unveiled her new video for "Look What You Made Me Do" yesterday at the VMAs, and boy, is that video loaded. She makes reference after reference to her various beefs and past media criticisms, telling everyone loud and clear that the old Taylor is dead. Although the message is clear - Taylor is (supposedly) shedding all of her old reputations - the video still begs the question: who is the new Taylor? What did you, or maybe we, make her do? Well, we can at least narrow it down to what the new Taylor is not
, by taking a deeper look at the symbolism and references in her new video.
1. Nils Sjoberg
While the video begins with the pretty obvious metaphor of Taylor Swift as a zombie, escaping the grave labeled "Here Lies Taylor Swift's Reputation" - a kind of undead rebirth - a more subtle reference is hidden in the background. Around 30 seconds into the video, if you look closely you can see that the gravestone next to her has the name "Nils Sjoberg." This is a reference to the pseudonym Taylor used when she ghost-wrote Calvin Harris
' "This Is What You Came For" while they were still dating. Drama ensued when Swift revealed that she actually wrote the song shortly after they broke up.
It seems like this could mean that the Calvin Harris-dating, ghostwriting Taylor is dead. I'd say this means that the calling-out-people-who-wrong-her Taylor is dead, but…
2. The dollar bill in the bathtub
While this reference is visibly subtle, the implication is pretty obvious. Recently, Taylor Swift won her case against the radio DJ who originally tried to sue her for defamation after she made it known that he had groped her during a photo op. Instead of making the case about money, Taylor countersued for only $1. Out of all the stands and statements Taylor has ever made, I think this was the most important. She made her point by standing unflinchingly against the questioning and doubt that victims of sexual assault face every time they take a case to court. She refused to be blamed for the DJ losing his job - which, after all, was a result of the decision he made.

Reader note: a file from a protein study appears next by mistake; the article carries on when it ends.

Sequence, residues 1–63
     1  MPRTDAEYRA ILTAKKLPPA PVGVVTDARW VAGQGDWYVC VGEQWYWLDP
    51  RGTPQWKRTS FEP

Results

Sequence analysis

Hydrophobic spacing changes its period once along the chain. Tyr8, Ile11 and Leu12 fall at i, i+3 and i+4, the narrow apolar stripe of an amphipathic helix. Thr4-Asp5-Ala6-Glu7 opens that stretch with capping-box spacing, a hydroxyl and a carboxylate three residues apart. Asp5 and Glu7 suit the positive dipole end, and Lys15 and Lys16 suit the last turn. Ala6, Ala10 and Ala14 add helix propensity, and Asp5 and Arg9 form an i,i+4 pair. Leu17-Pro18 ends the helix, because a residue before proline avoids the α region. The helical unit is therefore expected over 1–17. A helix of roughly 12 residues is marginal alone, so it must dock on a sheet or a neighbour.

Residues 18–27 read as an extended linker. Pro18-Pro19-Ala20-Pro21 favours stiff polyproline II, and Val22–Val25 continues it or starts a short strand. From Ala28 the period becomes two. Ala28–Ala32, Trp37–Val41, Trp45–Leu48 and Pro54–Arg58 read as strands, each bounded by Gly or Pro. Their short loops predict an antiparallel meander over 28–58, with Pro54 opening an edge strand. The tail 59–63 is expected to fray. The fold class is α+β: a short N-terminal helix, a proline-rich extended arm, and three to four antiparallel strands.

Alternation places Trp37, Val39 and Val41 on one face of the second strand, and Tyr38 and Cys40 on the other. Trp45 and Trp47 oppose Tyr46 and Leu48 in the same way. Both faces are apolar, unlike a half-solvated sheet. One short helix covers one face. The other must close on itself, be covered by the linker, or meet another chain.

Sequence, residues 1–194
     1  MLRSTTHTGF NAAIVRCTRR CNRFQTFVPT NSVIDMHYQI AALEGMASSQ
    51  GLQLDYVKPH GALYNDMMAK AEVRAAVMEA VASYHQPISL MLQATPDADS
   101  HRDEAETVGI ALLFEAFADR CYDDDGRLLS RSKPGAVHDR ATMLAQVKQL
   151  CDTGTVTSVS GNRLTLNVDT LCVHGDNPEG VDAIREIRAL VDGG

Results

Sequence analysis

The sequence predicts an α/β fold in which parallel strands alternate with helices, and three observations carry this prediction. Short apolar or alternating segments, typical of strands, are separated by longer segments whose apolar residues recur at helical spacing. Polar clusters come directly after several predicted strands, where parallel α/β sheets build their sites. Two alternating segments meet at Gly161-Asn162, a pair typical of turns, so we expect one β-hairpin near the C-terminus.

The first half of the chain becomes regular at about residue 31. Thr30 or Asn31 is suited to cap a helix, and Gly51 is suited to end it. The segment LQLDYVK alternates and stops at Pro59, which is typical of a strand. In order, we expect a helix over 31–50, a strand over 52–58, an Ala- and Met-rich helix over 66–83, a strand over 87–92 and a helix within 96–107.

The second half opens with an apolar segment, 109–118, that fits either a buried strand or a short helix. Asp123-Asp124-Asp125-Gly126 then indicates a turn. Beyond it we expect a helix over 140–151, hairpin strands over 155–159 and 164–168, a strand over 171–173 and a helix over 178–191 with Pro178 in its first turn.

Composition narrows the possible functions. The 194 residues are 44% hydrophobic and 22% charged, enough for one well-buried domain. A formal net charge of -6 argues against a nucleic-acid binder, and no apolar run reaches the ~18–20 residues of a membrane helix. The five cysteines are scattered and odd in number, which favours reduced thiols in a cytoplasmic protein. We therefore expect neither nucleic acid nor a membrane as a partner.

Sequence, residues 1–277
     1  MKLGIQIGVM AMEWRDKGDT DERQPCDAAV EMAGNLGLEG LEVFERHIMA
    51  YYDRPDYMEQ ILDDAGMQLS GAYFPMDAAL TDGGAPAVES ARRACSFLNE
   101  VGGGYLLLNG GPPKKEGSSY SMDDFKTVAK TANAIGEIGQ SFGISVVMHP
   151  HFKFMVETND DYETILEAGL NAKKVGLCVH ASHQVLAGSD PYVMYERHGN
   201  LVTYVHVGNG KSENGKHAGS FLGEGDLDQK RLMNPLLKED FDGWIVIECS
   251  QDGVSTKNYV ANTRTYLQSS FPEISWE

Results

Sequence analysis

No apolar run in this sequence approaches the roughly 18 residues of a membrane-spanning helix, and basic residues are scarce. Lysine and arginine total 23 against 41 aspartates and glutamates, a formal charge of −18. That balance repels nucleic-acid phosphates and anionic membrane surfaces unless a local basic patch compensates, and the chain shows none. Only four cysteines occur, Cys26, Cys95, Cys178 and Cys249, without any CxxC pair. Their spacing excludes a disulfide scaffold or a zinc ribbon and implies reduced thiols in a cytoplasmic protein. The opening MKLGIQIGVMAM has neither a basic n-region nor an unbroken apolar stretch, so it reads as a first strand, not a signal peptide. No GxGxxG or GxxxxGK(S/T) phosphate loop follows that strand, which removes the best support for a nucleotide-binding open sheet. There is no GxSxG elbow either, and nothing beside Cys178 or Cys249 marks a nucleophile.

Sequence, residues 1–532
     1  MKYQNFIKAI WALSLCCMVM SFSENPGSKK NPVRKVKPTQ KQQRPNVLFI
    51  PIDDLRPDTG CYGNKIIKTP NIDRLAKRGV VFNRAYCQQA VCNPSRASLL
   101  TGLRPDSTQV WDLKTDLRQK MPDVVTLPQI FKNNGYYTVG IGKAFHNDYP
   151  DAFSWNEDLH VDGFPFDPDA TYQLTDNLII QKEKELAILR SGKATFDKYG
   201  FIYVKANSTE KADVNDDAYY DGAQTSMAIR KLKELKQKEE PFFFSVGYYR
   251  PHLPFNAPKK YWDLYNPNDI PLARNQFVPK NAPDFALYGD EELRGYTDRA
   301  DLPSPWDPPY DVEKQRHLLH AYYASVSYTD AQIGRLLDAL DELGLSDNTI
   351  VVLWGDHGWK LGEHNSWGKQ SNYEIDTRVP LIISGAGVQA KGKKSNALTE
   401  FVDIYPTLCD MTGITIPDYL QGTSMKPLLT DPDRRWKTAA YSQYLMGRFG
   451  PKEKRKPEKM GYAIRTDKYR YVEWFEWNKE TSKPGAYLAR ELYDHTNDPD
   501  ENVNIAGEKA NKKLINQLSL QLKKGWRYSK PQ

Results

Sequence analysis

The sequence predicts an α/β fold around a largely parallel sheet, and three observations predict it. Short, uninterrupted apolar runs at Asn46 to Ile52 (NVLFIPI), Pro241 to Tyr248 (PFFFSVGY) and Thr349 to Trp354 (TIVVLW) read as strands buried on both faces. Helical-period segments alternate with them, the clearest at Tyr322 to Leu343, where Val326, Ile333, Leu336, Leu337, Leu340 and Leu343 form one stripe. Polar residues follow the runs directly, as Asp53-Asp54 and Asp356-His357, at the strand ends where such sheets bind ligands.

3. Queen of the snakes
Taylor Swift has a pretty lengthy backstory
when it comes to snakes. It all started with Taylor's breakup with Calvin Harris. After the drama she started by revealing her ghostwriting pseudonym, fans on Harris' side took to Twitter, using the snake emoji. Equating Taylor Swift with the snake emoji became even more widespread when the whole Kanye
/Kim Kardashian incident happened. Swift was upset with Kanye West when he released his song "Famous" with the infamous line, "I feel like me and Taylor might still have sex/Why? I made that bitch famous." However, Swift was soon exposed in a 2016 episode of Keeping Up With the Kardashians
in a Snapchat video meant to show Swift talking on the phone with Kanye and approving the lyric. The video did show them discussing the song, but not specifically the "that bitch" reference. Again, this incident prompted comparisons between Swift and snakes.